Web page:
Willingness to sacrifice jobs shows what's important to union barons
The actions of Peter McLoone et al in protecting public sector pay at all costs has made all of us in the private sector Communists by comparison, says Brendan O'Connor
TO the left of Peter McLoone is a funny place to find yourself. Even if you were getting a plane to Florida, McLoone is likely to be going left while the rest of us plebs go right. But to the left of Peter McLoone, and seemingly Jack O'Connor and the rest of them too, is where most of us probably find ourselves now.
McLoone, you will recall, is general secretary of public sector union Impact, a job for which he earns €163,000 a year, a figure that is pegged to a public sector pay grade. In a recent confidential letter to his IR staff about the public sector pay talks, a letter that was leaked last week, McLoone said: "In my judgment the alternative (to pay cuts) is likely to involve a significant reduction in public service numbers over the next three to four years."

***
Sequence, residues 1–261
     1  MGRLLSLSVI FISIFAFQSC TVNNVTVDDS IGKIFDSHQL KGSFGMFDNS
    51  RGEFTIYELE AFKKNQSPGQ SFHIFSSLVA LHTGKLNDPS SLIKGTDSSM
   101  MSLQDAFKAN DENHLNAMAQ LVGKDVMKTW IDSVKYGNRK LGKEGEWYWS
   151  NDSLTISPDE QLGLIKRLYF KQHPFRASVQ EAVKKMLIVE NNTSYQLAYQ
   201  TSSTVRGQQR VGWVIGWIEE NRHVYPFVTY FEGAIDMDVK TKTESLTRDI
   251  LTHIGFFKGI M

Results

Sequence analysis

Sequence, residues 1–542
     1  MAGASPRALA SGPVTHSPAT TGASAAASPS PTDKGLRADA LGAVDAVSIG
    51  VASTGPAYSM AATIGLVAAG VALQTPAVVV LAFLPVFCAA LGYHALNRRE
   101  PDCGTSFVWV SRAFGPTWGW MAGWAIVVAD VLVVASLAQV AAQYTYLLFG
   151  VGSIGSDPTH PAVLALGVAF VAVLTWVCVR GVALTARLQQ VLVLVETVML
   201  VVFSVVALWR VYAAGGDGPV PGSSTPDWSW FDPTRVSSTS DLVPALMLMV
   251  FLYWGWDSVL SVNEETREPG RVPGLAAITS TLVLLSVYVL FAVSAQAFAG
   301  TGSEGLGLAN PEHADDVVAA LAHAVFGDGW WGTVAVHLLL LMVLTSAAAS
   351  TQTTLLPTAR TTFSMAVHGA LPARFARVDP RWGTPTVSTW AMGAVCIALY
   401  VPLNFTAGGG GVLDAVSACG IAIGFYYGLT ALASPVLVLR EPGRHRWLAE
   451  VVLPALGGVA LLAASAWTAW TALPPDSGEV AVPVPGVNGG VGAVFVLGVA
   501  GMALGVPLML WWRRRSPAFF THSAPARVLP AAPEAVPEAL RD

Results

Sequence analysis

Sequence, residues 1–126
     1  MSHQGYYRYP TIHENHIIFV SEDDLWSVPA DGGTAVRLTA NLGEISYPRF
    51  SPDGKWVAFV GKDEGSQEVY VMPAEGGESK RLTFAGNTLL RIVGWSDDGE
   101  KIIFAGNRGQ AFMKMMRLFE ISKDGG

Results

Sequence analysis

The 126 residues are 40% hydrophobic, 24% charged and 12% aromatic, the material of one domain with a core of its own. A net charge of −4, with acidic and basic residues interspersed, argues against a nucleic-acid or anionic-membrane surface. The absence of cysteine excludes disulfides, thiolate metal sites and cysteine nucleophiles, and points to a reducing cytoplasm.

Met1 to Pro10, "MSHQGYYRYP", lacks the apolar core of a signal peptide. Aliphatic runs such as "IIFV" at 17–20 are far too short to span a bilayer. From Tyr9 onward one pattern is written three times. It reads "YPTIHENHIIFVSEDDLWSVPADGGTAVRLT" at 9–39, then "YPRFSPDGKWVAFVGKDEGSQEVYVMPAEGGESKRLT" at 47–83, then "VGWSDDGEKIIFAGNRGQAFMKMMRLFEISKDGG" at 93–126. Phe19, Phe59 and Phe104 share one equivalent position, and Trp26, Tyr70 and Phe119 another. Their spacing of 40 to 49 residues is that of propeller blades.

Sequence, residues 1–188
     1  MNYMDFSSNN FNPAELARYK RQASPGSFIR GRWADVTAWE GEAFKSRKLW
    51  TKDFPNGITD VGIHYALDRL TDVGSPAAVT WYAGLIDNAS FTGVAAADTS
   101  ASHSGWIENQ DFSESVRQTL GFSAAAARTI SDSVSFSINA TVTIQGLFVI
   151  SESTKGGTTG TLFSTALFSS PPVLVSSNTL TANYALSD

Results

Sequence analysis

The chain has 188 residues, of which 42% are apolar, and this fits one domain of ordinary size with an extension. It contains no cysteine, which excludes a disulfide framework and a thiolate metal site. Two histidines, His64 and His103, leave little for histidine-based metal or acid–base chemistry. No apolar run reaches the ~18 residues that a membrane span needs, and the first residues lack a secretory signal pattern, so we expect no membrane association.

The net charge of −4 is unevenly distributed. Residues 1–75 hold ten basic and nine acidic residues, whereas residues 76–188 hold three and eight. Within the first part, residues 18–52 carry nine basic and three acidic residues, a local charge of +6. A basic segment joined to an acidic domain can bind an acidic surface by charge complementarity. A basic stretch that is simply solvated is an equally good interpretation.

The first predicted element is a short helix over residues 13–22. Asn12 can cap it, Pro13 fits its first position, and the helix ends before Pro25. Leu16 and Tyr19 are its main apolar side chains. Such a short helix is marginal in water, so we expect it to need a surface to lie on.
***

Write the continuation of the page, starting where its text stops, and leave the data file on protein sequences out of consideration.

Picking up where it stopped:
This may just seem like a neutral enough statement of a fact about what McLoone believes to be the realistic parameters of the current public sector pay talks. But if you take into account one simple fact of background, the above statement becomes astonishing. Peter McLoone is against the public sector taking pay cuts. But Peter McLoone is quite firmly of the belief that the alternative to pay cuts is cutting public sector numbers. Therefore, it is logical to assume that Peter McLoone thinks that in order to protect the pay of his members, jobs should be lost.